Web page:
Plants in the trillium and violet groups are local examples of this association using carnivorous ants to spread their seeds. The plants entice ants with a seed that includes a specialized, fat-rich sac on the coating (elaiosomes), to attract certain ants. The ants collect the seeds and disperse them by bringing them back to their nests. Of course, there are “cheaters” in this system, ants that eat the coating without dispersing the seeds, or ants that eat the seeds in addition to the coating, but the Aphaenogaster genus of ant is well known as a hero to Trilliums across the country. You can see our local Pacific Trillium (Trillium ovatum) and Giant White Wakerobin (Trillium albidum) thriving, thanks to the assistance of ants, at Mark West Creek Regional Park, Sonoma Coast State Park, and Sugarloaf Ridge State Park.

Violets are also known to be ant mutualists and many butterfly species rely on violets as larval hosts, like the endangered Callippe silverspot butterfly (Speyeria callippe callippe), whose larval host is the California golden violet (Viola pedunculata). The violet and the silverspot butterfly are found in abundance on the sloping southern hills of the Sears Point Ranch Preserve and Tolay Lake Regional Park.

These are just a few examples of species associations – we could have written about buzz pollination by bumblebees, or how lichens are three organisms living together – but the critical takeaway is that we are much more deeply intertwined than we know. The loss of one, two, or ten members of a inter-species community is bound to lead to change.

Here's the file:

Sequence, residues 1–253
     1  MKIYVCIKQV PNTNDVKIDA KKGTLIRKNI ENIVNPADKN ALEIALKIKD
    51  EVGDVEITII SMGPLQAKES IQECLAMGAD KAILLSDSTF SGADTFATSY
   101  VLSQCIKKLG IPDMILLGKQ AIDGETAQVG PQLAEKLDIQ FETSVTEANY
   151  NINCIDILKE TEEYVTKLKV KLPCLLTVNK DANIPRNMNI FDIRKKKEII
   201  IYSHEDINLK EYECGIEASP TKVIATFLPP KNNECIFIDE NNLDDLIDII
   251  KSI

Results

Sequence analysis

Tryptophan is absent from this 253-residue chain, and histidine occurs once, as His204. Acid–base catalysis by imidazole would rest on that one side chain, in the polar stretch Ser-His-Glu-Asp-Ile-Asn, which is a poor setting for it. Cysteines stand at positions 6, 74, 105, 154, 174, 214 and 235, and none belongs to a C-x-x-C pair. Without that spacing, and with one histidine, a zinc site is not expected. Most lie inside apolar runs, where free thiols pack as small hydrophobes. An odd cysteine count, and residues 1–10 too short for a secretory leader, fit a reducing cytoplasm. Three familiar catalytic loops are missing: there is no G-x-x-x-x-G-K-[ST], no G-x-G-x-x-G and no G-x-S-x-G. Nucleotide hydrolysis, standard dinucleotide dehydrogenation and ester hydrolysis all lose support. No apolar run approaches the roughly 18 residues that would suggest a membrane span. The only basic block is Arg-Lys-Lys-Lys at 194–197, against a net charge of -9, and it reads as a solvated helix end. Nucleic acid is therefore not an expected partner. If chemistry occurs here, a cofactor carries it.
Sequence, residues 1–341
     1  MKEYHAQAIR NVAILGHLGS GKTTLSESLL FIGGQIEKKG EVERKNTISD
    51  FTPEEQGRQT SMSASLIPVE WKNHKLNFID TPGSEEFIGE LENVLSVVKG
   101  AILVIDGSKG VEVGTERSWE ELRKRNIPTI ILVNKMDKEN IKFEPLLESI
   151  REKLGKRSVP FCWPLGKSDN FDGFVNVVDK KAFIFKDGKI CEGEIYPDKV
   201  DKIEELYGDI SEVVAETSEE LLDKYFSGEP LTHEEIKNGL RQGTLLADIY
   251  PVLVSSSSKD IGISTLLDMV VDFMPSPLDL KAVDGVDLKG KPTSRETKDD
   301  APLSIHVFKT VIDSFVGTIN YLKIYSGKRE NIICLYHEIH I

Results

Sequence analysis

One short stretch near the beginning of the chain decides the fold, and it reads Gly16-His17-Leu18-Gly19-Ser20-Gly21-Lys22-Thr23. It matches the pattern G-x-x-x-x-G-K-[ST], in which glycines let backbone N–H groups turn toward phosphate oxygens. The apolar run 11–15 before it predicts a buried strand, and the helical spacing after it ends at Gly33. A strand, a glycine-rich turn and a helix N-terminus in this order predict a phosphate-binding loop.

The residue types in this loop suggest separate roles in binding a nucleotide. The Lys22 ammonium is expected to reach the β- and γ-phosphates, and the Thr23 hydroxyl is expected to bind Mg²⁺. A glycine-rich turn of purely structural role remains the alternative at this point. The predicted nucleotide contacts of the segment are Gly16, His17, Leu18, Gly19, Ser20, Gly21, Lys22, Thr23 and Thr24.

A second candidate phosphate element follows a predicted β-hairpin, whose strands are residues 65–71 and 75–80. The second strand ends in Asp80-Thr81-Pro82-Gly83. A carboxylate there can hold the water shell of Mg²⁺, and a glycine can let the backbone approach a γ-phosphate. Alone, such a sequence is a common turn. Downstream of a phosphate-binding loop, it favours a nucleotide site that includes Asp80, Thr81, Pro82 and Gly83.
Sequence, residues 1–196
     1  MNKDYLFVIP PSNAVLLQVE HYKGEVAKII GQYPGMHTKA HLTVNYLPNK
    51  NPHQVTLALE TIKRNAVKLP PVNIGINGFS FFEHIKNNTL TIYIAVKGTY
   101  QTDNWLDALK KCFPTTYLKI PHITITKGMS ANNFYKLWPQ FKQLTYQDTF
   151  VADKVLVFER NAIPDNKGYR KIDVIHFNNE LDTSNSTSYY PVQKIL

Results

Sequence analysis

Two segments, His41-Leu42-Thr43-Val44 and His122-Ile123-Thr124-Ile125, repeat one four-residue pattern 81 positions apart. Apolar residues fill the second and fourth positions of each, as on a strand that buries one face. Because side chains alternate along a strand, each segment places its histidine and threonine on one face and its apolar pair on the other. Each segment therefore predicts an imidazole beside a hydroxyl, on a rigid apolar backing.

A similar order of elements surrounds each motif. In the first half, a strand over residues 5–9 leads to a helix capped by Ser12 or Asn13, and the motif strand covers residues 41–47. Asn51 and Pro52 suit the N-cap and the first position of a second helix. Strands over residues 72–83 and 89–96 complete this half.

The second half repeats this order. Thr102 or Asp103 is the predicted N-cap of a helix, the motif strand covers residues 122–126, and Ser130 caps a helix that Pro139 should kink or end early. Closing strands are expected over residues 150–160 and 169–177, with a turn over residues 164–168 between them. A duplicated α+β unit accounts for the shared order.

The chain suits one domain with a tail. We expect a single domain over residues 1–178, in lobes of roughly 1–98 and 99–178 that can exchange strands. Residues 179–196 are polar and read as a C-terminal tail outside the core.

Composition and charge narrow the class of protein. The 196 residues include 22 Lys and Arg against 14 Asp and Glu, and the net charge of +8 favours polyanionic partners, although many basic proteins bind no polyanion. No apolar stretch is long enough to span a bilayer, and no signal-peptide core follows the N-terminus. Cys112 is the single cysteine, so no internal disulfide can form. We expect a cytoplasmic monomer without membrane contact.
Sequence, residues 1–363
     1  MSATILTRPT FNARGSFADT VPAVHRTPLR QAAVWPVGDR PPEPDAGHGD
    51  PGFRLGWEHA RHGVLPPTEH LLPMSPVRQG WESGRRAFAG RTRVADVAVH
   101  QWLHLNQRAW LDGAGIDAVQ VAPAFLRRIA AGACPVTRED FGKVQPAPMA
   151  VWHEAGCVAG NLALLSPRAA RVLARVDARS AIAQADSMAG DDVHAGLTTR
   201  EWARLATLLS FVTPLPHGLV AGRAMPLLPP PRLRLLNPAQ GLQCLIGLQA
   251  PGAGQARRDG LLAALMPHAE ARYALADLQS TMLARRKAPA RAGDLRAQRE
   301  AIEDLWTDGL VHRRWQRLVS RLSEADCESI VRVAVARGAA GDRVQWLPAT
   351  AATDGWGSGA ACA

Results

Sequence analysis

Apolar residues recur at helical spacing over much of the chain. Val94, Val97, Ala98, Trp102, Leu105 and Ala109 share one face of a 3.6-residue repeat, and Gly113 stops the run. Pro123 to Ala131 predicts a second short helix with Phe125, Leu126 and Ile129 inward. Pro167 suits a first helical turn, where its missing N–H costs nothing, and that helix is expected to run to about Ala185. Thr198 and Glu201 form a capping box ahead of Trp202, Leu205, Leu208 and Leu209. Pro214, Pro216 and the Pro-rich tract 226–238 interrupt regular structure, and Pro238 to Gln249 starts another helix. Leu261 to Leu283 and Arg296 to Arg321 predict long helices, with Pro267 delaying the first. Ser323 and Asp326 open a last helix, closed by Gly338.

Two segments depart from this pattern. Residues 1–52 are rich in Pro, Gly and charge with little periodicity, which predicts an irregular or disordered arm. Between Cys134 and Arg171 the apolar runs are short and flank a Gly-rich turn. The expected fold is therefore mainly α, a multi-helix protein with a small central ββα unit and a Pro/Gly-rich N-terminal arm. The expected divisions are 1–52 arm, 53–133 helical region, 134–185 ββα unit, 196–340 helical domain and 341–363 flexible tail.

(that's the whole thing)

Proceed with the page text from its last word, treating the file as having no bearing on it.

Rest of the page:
Sonoma Land Trust’s mission is to protect biodiversity through land conservation and restoration. Places like Tolay Lake, Sears Point Ranch, and Sonoma Mountain Vernal Pools are living laboratories for research and discovery to take place so that we may learn more about and protect the fascinating natural web upon which all life depends.

Follow Chris’ finding on his iNaturalist account: https://www.inaturalist.org/people/ChrisMT


Wander through the wildflowers!

Lucky for us, we don’t have to travel far to wander through the wildflowers. Learn more at sonomalandtrust.org/wildflowerguide

In nature, relationships are essential

Relationships are essential to surviving in nature. Whether an animal finding a mate to procreate, or a plant pushing up toward the sunlight, dynamic relationships are all around us if we choose to observe them.

Plugging into a network has benefits

Have you heard about the connections within the Wood-Wide Web? Mycorrhizae – underground fungal networks – create an internet for Coast redwood (Sequoia sempervirens) to transmit information between family members (clones) or nearby trees, share nutrients when a tree is weak, and warn each other when a threat is present. For 400 million years, mycorrhizae have provided the means for friendly conversation between plants, helping them to know each other, respect each other’s boundaries, and prove they can be counted on in times of need. While the mycorrhizae are the communication source, the trees supply nutrients such as sugar and fats back to the fungal network. Host plants find great benefit in this exchange and have been documented as sharing as much as 20% of their own nutrients with fungal partners.

Nature is patient